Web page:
NORMAN — Merle Charles Ibach, 97, passed away, Tuesday, April 2, 2013 .
Services will be 2 p.m. Monday at Stufflebean-Coffey Chapel of Remembrance. Reverend Gregg Johnson will officiate. Committal prayers and interment will be at Mt. Olivet Cemetery under the direction of Stufflebean-Coffey Funeral Home.
Merle Ibach was born on a farm near Caplinger Mills, Mo., Feb. 10, 1916 in Cedar County, Mo. to Grace Dean (Guinn) and Henry Franklin Ibach. At the age of 15, following the death of his father and during the great depression, he and his mother moved to Bartlesville in 1933. There his Uncle, Orval Guinn, purchased a membership in the YMCA where he spent many happy hours in athletic endeavors.
Merle graduated from Bartlesville High School in 1934. In 1937, Merle and Helen (Wynn) Ibach were married at her home in Ochelata by the late Rev. Augie Henry. They established their home in Bartlesville.
During World War II, Merle served three years in the United States Navy both here and in England. Merle was with the Phillips Petroleum Company 40 years in the accounting and sales departments. In the sales department, he developed markets for refinery by-products. He served as President of the Limestone Lions Club. He enjoyed developing herds of Limousine cattle and registered quarter horses.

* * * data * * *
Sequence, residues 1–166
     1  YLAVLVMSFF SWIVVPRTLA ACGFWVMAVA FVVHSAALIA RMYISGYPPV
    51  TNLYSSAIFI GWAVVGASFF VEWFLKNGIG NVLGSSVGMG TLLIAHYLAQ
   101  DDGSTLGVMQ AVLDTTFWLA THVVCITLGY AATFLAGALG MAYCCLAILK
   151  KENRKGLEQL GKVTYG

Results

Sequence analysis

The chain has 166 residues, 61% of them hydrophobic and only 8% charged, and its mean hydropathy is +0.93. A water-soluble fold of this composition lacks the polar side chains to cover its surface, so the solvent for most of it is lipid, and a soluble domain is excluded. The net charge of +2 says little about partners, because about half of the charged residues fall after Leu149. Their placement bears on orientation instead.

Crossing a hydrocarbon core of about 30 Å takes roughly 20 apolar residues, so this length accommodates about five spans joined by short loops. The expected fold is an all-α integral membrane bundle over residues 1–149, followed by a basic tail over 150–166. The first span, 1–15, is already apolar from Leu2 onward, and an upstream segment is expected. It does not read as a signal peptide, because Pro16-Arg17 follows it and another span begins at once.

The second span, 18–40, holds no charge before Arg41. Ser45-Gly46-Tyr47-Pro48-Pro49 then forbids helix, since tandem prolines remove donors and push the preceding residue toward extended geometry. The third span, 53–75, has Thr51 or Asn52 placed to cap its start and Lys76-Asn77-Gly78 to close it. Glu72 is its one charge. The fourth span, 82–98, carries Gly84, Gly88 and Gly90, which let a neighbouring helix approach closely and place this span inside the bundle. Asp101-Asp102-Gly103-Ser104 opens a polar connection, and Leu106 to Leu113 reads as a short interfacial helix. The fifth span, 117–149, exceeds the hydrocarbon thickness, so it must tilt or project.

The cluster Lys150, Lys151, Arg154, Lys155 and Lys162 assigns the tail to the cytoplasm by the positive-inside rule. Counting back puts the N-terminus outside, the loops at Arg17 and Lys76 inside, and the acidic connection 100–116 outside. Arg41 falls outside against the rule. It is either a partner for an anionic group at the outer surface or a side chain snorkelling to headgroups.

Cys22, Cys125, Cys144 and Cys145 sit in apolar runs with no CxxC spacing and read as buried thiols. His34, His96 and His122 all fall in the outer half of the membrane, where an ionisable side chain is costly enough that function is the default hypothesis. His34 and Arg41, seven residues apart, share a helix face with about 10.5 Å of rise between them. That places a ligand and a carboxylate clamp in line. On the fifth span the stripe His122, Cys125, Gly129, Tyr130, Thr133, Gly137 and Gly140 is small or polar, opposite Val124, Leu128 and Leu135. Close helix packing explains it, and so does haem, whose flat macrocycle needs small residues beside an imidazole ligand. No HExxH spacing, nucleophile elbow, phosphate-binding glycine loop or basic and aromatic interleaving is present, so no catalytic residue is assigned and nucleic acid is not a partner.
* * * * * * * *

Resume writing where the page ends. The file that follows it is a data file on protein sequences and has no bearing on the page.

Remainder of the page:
He was a member of First Baptist Church in Bartlesville, serving as a deacon and teacher of 12 year-old boys, and, later, 12th grade boys. He served as Camp Director at Falls Creek Baptist Youth Camp near Davis, for one to two weeks every summer for 10 years.
One of the highlights of his life was seeing his vision of a new church come to fruition. He was a founding father of Eastern Heights Baptist Church in Bartlesville, serving as chairman of deacons for many years, while teaching senior high boys and then senior men. In 1992, he and Helen moved to Pauls Valley to be near two of his children. There he was a member of the Pauls Valley First Baptist Church, serving as deacon and teaching senior men. Over all, he taught Sunday school classes for 70 years, with the exception of World War II and a year caring for his wife, Helen.